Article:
Only five towns with fewer than 150 000 inhabitants between them are situated on the Namib coast, a tract of land greater in length than the British Isles, as measured from the Shetlands in the North Sea to Land's End in the south and the Isles of Scilly in the Celtic Sea beyond. Before them stretches the empty expanse of the South Atlantic and across it lies another continent in another hemisphere. At their back, the desert.
Walvis Bay and L岩tz, the places where European powers found a foothold in the 19th century, are today the only seaports in Namibia. Swakopmund and Henties Bay are primarily holiday resorts, while Oranjemund is a company town on the diamond fields.
Other settlements once existed in the coastal desert, built in boom times after diamonds were discovered almost a century ago, but they are now fallen into ruin or altogether gone. They survived and sometimes thrived as long as their diggings turned a profit.
As towns founded under German rule, L岩tz and Swakopmund even today are very different to the others in appearance. The architectural character of their inner towns is unique to Namibia. In the improbable setting of an African desert it consists mainly of Jugendstil or art nouveau and Wilhelminische, a style akin to Victorian, with German colonial elements in addition to bits and pieces of other traditions.
Swakopmund shares a stretch of coast, little more than 100km long, with Henties Bay and Walvis Bay. South of Walvis Bay lies the Great Sand Sea, a wilderness without roads or other infrastructure. A wide detour across the desert is necessary -- from the coast to the escarpment and back again -- to drive between Walvis Bay and L岩tz. As the crow flies the distance is 400km. By road it is twice as far.
South of L岩tz the route to Oranjemund also runs inland, so as to skirt the diamond fields on the coast, designated since colonial times as the Sperrgebiet or forbidden territory. Outsiders require special permission and police clearance to visit Oranjemund. The town is closed to tourists.
The three towns on the central coast were all built at the mouths of ephemeral rivers, Walvis Bay on the Kuiseb, Swakopmund on the Swakop and Henties Bay on the Omaruru. The rivers hold water underground in aquifers that are tapped for domestic and industrial consumption. Desalination of sea water is planned to augment the supply.
L岩tz also uses water from an aquifer, piped from the Koichab Pan 120km inland, as fossil rivers in its vicinity are buried under desert sands. Oranjemund is the only town with access to a perennial river. It is supplied from wells on the north bank of the Orange.
Other than L岩tz and its immediate environs, only a small stretch of coast -- perhaps one fifth of the whole -- is readily accessible to visitors. It extends northward from Sandwich Harbour, a lagoon on the edge of the sand sea south of Walvis Bay, to the ephemeral Hoanib River on the Skeleton Coast.
Two lagoons on the central coast, Walvis Bay and Sandwich, are recognised as wetlands of international importance, with huge concentrations of migrant birds, while the Cape Cross Seal Reserve north of Henties Bay holds the biggest seal colony in southern Africa.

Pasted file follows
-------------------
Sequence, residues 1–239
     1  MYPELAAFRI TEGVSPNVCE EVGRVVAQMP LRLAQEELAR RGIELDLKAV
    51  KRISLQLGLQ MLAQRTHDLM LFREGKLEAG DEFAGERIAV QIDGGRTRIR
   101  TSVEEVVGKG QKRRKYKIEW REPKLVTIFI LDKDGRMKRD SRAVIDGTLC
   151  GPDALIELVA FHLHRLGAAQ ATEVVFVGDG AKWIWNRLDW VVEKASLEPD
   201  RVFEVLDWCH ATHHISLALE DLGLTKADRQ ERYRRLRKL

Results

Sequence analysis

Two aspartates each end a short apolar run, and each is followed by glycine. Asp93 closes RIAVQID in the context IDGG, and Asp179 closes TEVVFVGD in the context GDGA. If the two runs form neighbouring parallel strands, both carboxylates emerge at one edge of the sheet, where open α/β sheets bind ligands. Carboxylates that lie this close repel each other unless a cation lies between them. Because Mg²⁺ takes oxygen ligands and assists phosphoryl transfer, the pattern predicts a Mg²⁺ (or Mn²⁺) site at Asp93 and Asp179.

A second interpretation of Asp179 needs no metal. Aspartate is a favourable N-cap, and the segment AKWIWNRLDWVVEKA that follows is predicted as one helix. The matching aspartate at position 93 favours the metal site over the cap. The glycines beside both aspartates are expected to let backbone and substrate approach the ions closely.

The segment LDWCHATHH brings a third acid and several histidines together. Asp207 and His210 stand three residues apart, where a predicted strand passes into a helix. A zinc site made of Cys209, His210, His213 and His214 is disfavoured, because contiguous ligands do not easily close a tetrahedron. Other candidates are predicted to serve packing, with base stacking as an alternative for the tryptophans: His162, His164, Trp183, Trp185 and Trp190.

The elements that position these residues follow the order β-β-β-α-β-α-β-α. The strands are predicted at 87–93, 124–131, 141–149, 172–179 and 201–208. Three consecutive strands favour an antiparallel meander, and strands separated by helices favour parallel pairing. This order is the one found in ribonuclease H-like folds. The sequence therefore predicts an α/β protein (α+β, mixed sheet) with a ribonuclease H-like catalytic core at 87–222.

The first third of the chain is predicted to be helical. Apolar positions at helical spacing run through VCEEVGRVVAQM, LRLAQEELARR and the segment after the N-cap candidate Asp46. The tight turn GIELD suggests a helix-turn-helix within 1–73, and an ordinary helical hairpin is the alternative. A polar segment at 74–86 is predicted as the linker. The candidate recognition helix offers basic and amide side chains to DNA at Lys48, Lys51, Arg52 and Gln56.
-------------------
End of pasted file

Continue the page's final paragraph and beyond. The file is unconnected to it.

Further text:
The sand sea in the coastal portion of Namib-Naukluft Park and the Sperrgebiet together occupy the southern half of the coast from the Orange River to the Kuiseb. Both areas are closed to casual visitors because of security and environmental concerns. Access is restricted to guided excursions with authorised operators along specified routes to a small number of scenic destinations.
L岩tz forms an enclave within the diamond area at the end of a corridor-like road from the interior. A string of inshore islands south and north of the town -- all of them small, barren, waterless and uninhabited -- support breeding populations of seals and seabirds such as penguins, gannets and cormorants. As a conservation measure they are off limits to visitors at all times, but pleasure boats are allowed to sail close to them.
The northern end of the coastal Namib, beyond the Ugab rivercourse, constitutes the Skeleton Coast Park. While tourist facilities are available in the southern part of the park, access to the northern half -- a wilderness between the Hoanib and the Kunene -- is restricted to fly-in safaris with a concession holder.
Apart from roads that connect the coastal towns with the interior, the only road on the coast is one that runs straight from Walvis Bay to the entrance of the Skeleton Coast Park, a distance of some 230km on the edge of the largest plain in the Namib. It starts as a black top but soon becomes a so-called "salt" road, desert gravel soaked with sea water and compacted, to form a hard surface that is as smooth as asphalt.
The road is close to the sea at first with high dunes on the landward side. Like the road itself, the scenery soon changes. Once the dunes flatten out the desert becomes a bleached plain that persists beyond every rise, with small bushes scattered over it, black hillocks in places and white salt pans at a slight remove from the sea. In the noonday sun even small objects loom large, mirages that float on air in the heat haze up ahead.
People do not live out there, only in the towns beside the sea. Populations practically double and campgrounds along the coast fill up in high summer, when visitors arrive in droves from the torrid interior to cool off and catch fish in the surf. After a short season they go back to where they came from.
A GREAT GATHERING OF BIRDS
The greatest concentrations of seabirds and shorebirds in southern Africa are found on the bleakest of shores, the Namib coast, where migrant birds flock together at the end of arduous journeys from Eurasia and the African interior.
Against all the odds they home in on a handful of habitats with enough shelter and food to support them. On a coastline of almost 1 600km the only suitable destinations are three lagoons and the mouths of two perennial rivers. The food chain that attracts birds to the desert littoral originates on the seabed off the southern coast of Namibia. Under the influence of strong winds and rough seas, bottom layers laden with nutrients well up to the surface, to nourish plankton as it drifts north on ocean currents. Namibian waters consequently teem with pilchards, horse mackerel and other fish that attract seabirds.
Along a stretch of coast between Walvis Bay and Cape Cross, a quirk of the wind drives phytoplankton towards land throughout the year, so much so that scums bank up on the beaches. Intertidal and subtidal forms of life that sustain shorebirds -- worms, molluscs, crustaceans and other creatures -- thrive here in greater abundance than anywhere else on the west coast of southern Africa.